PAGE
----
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Sanctions against Russia may be tangible but not critical for economy - experts

March 17, 2014, 19:57 UTC+3 Zamyatina Tamara
© EPA/JAKUB KAMINSKI

MOSCOW, March 17. /ITAR-TASS/. In connection with the events in Ukraine and the Republic of Crimea that has declared its independence from Kiev following Sunday’s referendum, at which most of its residents voted for joining Russia, the European Union pledges to impose gradual sanctions forcing Moscow to give up its active policy.

The EU foreign ministers may announce the second stage of sanctions at their meeting on Monday. The level includes visa restrictions, personal asset freezes and refusal to hold EU-Russia summits.

Russia considers the second stage of sanctions “a mild variant.” The characteristic was given by ex-finance minister Alexei Kudrin. However, other experts warn that the rise of the price of external borrowings will become a serious risk to Russia’s economy.

If the situation reaches the next stage of sanctions, funds Russian businesses will take abroad will cost much more because the political risk margin will be included in the loans. A total of $100 billion has been taken in 2014, Igor Yurgens, director of the Contemporary Development Institute, said in an interview with the Novaya Gazeta newspaper. In line with his forecast, the capital outflow is expected to increase to at least $100 billion and at most $200 billion this year.

“The first stage of sanctions includes visa restrictions, suspension of talks on a wide range of trade, economic , financial, investment issues, blocking accounts of officials, freezing assets of the largest state companies and targeted actions regarding state banks,” Yurgens believes.

“The first stage will not inflict irreparable damage upon the Russian economy, but the general economic situation around Russia will substantially deteriorate,” he said. Nevertheless, in line with his calculations, “the overall volume of Russian assets subject to sanctions totals some $500 billion. This is a lot. Some $150 billion is deposited only in EU banks.”

The sanctions may slow down the general economic growth, which will not result in stagnation but will slash by 1-2% the Gross Domestic Product.

The head of the Russian Union of Industrialists and Entrepreneurs, Alexander Shokhin, sees another threat: Russia’s business rating will drop under the influence of possible sanctions, investment yield will reduce and foreign companies will want to leave the Russian market. “But that’s not so easy,” Shokhin told the Komsomolskaya Pravda daily.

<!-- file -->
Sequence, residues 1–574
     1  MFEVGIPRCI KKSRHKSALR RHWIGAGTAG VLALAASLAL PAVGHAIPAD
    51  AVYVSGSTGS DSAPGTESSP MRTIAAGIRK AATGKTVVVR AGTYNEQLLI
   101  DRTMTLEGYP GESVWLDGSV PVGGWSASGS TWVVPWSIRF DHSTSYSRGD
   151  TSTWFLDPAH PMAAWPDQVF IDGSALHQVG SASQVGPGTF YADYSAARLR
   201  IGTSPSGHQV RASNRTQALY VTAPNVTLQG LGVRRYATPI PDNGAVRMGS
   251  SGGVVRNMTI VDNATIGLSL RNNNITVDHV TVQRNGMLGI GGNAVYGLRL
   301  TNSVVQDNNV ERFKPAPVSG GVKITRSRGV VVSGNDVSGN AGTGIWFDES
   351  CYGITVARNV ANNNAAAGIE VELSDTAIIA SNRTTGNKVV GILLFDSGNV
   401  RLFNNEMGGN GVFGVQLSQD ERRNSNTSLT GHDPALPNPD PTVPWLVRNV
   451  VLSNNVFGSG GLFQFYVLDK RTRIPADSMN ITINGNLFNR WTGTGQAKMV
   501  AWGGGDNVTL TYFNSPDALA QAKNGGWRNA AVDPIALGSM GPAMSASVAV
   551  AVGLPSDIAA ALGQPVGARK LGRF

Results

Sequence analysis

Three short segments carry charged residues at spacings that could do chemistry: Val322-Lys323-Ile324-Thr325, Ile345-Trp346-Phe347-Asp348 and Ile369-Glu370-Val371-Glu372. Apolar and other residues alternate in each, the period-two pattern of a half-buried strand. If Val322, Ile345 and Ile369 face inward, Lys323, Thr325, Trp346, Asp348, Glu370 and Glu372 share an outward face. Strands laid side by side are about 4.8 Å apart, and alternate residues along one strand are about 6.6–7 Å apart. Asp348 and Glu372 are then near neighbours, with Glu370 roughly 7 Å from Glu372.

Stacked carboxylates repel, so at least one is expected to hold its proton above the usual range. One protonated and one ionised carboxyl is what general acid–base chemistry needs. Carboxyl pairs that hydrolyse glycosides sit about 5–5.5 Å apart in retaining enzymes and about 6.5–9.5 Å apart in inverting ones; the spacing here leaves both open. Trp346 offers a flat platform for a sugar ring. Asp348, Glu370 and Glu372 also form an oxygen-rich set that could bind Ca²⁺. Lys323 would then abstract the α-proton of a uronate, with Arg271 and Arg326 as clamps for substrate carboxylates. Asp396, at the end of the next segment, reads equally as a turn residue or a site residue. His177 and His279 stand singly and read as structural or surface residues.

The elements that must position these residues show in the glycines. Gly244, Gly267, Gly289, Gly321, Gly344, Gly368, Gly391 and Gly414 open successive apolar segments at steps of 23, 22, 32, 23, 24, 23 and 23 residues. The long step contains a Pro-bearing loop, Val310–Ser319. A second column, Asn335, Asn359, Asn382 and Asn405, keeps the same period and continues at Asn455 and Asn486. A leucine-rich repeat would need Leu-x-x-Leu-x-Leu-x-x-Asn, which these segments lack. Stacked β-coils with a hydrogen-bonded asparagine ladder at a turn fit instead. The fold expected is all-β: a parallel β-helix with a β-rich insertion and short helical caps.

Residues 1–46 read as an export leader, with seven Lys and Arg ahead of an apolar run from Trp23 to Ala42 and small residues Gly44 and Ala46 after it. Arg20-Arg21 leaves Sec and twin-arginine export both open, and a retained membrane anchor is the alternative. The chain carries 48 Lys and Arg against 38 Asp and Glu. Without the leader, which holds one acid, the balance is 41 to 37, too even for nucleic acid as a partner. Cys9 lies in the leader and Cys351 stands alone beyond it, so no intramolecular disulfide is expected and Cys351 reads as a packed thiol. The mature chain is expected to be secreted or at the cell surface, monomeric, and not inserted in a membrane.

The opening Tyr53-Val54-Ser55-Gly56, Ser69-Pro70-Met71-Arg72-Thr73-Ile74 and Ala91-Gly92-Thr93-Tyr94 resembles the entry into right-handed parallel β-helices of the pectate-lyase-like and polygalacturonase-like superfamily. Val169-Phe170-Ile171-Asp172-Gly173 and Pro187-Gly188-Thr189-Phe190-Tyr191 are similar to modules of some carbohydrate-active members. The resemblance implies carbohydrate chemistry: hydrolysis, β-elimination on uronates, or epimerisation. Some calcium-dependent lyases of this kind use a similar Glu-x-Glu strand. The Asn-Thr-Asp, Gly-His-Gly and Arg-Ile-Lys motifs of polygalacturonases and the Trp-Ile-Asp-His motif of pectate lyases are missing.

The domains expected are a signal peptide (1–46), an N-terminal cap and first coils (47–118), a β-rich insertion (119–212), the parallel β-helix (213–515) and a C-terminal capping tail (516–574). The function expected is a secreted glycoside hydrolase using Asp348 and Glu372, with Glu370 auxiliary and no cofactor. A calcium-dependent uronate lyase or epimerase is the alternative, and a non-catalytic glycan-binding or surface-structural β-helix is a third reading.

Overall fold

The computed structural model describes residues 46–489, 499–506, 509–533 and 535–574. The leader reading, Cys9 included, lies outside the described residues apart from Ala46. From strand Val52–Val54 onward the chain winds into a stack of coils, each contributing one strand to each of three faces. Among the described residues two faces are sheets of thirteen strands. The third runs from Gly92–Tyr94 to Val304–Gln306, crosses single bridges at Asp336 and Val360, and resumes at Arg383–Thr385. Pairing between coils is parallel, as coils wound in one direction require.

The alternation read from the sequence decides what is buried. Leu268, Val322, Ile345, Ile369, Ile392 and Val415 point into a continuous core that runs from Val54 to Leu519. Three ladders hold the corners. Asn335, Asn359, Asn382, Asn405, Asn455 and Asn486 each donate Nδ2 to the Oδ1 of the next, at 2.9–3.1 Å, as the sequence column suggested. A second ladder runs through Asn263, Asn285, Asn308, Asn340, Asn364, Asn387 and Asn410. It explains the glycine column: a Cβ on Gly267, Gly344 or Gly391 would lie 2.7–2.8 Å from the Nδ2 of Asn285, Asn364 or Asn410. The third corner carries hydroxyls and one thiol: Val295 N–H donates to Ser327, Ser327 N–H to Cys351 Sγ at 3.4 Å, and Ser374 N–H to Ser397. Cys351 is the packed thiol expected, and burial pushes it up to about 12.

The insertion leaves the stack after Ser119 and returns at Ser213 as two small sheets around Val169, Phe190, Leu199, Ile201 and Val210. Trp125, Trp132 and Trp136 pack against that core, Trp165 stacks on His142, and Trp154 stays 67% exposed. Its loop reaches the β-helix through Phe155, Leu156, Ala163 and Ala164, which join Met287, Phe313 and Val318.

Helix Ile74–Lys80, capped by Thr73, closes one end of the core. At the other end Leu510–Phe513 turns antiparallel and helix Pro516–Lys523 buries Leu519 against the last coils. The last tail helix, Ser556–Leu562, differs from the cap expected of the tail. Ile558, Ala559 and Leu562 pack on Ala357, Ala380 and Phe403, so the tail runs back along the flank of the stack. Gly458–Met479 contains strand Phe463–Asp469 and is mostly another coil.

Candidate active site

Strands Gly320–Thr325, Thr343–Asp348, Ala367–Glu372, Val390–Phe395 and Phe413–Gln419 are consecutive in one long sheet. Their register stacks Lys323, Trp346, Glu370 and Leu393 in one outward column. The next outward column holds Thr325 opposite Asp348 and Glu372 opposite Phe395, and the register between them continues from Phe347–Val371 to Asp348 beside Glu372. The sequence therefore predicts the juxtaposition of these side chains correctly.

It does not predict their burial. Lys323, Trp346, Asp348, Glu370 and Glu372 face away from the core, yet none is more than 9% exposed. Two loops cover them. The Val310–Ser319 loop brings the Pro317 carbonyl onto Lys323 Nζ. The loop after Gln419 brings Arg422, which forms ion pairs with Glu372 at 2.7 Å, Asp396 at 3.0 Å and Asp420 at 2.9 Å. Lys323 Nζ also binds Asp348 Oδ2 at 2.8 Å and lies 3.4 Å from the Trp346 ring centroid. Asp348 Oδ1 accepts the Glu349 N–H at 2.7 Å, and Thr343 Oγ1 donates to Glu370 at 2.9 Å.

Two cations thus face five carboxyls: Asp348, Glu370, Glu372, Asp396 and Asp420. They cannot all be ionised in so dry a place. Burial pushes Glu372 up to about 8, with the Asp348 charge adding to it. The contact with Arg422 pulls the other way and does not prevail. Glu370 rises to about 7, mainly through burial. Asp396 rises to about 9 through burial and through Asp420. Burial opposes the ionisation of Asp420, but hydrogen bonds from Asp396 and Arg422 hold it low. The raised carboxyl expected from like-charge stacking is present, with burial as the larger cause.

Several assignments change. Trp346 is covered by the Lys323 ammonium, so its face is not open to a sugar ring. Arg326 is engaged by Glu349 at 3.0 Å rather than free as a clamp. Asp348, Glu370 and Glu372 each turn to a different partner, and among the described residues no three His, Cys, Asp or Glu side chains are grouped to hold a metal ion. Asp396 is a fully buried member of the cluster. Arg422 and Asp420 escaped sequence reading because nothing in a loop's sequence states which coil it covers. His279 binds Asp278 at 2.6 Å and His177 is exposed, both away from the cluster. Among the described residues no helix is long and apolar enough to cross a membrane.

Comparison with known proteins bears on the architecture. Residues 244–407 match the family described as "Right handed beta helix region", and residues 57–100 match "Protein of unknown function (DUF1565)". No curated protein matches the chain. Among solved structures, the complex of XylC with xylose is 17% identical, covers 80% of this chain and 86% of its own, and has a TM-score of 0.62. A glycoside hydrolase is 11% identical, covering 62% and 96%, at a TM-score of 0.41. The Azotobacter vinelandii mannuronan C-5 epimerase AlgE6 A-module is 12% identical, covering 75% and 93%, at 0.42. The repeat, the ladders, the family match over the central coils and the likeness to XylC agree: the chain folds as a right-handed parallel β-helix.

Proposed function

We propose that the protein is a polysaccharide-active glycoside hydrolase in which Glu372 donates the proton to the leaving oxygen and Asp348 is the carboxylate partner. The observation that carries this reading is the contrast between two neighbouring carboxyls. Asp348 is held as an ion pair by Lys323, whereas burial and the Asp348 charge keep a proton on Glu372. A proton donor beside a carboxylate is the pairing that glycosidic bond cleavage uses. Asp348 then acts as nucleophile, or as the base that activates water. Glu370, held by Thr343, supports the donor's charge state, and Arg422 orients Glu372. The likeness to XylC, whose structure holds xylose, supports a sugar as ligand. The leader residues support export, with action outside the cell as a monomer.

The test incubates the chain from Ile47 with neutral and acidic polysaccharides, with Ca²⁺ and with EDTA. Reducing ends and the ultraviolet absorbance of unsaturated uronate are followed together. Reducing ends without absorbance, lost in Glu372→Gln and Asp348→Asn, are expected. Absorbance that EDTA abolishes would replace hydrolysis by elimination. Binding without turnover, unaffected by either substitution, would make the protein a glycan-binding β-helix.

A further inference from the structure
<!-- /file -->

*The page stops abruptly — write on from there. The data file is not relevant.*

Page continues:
“Will Auchan and Metro be able to make up for their losses in Russia by constructing similar stores in, say, Brazil? If the political factor is removed, each company will make its final decision after calculating all consequences,” he said.

“The formal part of the sanctions being discussed is not so painful to Russia. But military and technical cooperation with Western countries is an exception. Russia’s military industrial sector does not critically depend on armament system supplies from the West, but there is a dependency regarding supplies of components. So this cooperation should urgently be diversified toward Eastern Asia,” Mikhail Remizov, the president of the National Strategy Institute, told Itar-Tass.

“The informal part of the sanctions may be expressed in an attempt by the United States to influence the global oil market through speculative operations on commodity markets, including through the use of internal regulation measures,” the expert said.

“In these conditions, Russia will try to win back its domestic market, only a fourth of whose domestic demand is oriented to domestic manufacturers yet. Besides, measures will have to be taken to avoid vulnerability of the ‘financial safety bag,’ the way the National Welfare and the Reserve Fund are called here, and funds will have to be placed inside the country,” Remizov said.

Besides, the president of the Association of Russian Banks, Garegin Tosunyan, does not share this approach. “I will never believe that the Americans will take measures against the Russian financial fund through which we in essence credit the US economy. This would look like an attempt to do a hara-kiri to punish your neighbor. Prudent colleagues-financiers work in Washington. They would not undermine their own currency and damage the reputation of their own country,” the expert told Itar-Tass.

“Rhetoric and emotional statements regarding Russia’s influence on Ukrainian events will soon settle down. Sanctions, if they are imposed, will be of targeted nature, will be relative and short-termed as no one needs them — neither Russia, nor our pragmatic partners in the United States and EU countries,” the financier is convinced.

 

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